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An ideal, a, of a ring, A is a subset which is an additive subgroup and such that A a \subset a. The cosets of this ideal, A / a, are known as a quotient ring.

A basic, though special, example here is the ring of integers. Every ideal is the set of multiples of a single integer, n. The quotient rings are the integers mod n. The ideal generated by n is denoted (n), and it is called a principal ideal. Because all the ideals in the integers are multiples of a single element, the integers are known as a principal ideal domain.

Notice that (mn) \subset (n). Multiples of six are also multiples of three. An ideal generated by a prime number is not contained in any other ideal (except the whole ring of integers.) This brings us to the notion of prime and maximal ideals.

A prime ideal p in a ring A is an ideal that is not equal to (1) and if xy \in p then x \in p or y \in p. Equivalently, a prime ideal is one where A / p is an integral domain.

A maximal ideal m in a ring A is an ideal that is not equal to (1) and there is no ideal a such that m \subset a \subset (1). Equivalently, a maximal ideal is one where A / m is a field. (This last is true because A is a field iff the only ideals in A are 0 and (1).)

Maximal ideals are always prime, because a field is always an integral domain.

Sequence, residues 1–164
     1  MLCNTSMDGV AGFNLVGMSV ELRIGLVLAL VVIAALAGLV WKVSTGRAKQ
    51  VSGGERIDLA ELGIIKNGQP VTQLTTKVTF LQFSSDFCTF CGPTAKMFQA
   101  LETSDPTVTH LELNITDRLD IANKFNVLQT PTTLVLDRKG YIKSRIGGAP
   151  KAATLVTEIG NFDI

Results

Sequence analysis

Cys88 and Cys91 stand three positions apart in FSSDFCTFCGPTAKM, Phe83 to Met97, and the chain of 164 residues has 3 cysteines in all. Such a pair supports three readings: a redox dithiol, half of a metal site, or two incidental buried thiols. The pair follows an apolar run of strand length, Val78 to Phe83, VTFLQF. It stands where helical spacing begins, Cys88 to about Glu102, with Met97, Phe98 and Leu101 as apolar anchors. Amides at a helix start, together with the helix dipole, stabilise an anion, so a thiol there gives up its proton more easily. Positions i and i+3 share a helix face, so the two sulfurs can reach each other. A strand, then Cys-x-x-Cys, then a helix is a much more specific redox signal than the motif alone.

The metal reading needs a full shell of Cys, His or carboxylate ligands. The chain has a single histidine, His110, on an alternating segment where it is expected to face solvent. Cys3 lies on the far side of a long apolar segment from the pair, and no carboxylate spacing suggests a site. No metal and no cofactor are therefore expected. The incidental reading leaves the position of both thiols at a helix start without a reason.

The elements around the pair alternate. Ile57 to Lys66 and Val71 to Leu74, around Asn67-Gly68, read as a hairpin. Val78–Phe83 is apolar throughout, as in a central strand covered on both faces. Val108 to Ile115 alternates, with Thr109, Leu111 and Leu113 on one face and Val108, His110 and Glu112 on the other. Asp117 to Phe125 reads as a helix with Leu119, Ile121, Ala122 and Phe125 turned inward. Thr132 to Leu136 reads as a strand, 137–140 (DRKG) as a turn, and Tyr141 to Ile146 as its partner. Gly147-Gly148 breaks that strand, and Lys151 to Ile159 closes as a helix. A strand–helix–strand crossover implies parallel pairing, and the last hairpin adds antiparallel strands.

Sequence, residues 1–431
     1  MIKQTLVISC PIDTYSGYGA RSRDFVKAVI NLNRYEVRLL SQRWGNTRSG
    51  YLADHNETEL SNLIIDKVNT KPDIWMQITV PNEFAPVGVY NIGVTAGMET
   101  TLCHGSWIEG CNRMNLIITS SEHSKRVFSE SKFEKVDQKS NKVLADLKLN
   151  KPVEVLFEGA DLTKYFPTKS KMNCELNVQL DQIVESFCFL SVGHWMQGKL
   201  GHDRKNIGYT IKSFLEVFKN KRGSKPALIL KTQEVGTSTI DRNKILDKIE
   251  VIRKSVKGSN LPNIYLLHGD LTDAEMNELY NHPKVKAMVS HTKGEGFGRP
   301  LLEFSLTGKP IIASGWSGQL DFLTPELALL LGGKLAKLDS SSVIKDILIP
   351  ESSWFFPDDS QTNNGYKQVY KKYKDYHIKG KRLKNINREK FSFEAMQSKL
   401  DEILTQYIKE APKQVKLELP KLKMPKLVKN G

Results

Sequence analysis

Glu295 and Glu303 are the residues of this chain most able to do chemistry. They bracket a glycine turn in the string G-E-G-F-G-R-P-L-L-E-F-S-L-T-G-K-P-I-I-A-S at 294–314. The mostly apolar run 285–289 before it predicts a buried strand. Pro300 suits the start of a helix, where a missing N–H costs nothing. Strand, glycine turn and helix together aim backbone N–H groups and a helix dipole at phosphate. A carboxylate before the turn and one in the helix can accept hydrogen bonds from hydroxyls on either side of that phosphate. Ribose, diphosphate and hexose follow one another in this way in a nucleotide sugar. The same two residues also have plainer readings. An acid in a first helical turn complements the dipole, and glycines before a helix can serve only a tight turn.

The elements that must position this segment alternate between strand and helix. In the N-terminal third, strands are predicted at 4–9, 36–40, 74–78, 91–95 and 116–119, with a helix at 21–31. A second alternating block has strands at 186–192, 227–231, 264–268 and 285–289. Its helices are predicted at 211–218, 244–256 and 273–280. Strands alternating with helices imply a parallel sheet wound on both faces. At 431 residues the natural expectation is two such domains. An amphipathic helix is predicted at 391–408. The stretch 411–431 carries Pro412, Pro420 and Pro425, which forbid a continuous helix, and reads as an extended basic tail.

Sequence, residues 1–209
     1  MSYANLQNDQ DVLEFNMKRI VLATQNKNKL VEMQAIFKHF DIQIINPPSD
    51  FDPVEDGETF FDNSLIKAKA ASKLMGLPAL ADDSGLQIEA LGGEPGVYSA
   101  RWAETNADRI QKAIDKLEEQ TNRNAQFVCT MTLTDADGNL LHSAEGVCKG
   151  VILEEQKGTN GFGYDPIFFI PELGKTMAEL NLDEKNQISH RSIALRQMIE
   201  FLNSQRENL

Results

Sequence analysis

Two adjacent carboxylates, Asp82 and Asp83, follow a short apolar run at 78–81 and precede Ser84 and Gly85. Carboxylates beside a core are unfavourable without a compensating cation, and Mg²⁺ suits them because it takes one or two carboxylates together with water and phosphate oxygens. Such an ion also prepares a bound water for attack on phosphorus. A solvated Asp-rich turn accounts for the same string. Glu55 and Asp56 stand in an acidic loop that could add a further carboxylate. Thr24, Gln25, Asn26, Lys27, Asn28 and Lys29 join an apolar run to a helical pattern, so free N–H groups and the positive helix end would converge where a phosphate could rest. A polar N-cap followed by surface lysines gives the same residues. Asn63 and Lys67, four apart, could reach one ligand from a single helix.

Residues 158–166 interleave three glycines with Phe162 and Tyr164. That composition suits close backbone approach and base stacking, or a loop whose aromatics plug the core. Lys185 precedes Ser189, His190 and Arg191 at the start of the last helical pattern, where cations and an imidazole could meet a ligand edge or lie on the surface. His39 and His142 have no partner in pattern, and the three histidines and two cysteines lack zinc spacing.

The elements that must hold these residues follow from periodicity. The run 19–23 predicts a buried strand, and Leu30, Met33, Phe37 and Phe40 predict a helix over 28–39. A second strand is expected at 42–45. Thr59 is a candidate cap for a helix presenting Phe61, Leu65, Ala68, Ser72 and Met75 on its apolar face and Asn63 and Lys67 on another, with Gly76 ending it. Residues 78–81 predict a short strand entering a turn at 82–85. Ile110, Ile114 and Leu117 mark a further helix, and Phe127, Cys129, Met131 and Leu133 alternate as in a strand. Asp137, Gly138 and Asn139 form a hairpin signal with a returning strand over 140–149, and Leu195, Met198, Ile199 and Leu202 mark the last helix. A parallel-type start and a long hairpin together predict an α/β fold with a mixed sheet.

Every ring (not equal to the zero ring) has at least one maximal ideal. This is a result of Zorn’s lemma.

As a result, every non-unit of A is contained in a maximal ideal.

In a principal ideal domain, every non-zero prime ideal is maximal.
For if (x) \neq 0 is a prime ideal and (x) \subset (y), then we have some x = yz so that yz \in (x), hence z \in (x), say z = tx. Then x = yz = ytx, so yt = 1 and so (y) = (1).

The set of nilpotent elements in a ring is called the nilradical and it is an ideal. The product of anything with a nilpotent element is also nilpotent; the sum of nilpotent elements is nilpotent by the binomial theorem.

The nilradical is the intersection of all the prime ideals; if f is nilpotent, then f^n = 0 for some n, so f itself is in all the prime ideals. If f is not nilpotent, you can construct a prime ideal — the largest in the set of ideals a such that $f^n$ is not in a. (The product of two elements not in this ideal is not itself in this ideal.)

The Jacobson Radical is the intersection of all the maximal ideals in A. It (obviously) contains the nilradical.

You can get new ideals from old by summing them (that gives you a new ideal), intersecting them (also an ideal) or finding the product (the set of all finite sums \sum x_i y_i of products of elements in X and Y). In the integers, a \cup b is the ideal generated by their lcm, and $ab = (mn)$, the ideal generated by the product of their generators. If the generators are relatively prime, then the intersection and the product are the same ideal.

This is true for general rings, as can be proven by induction. The generalization of relatively primality is that two ideals are coprime if a + b = (1).

Experiment: Commutative Algebra June 18, 2010

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I’m reading Atiyah and MacDonald’s Introduction to Commutative Algebra. So, I thought, how about an experiment: when I finish a chapter, I’ll write a post on it. It might be a good study trick — I like blogging, and it forces me to develop insights and revisit concepts. Uniting the “just for fun” and “serious business” parts of my life just might work.

Stay tuned for a chapter post on ideals!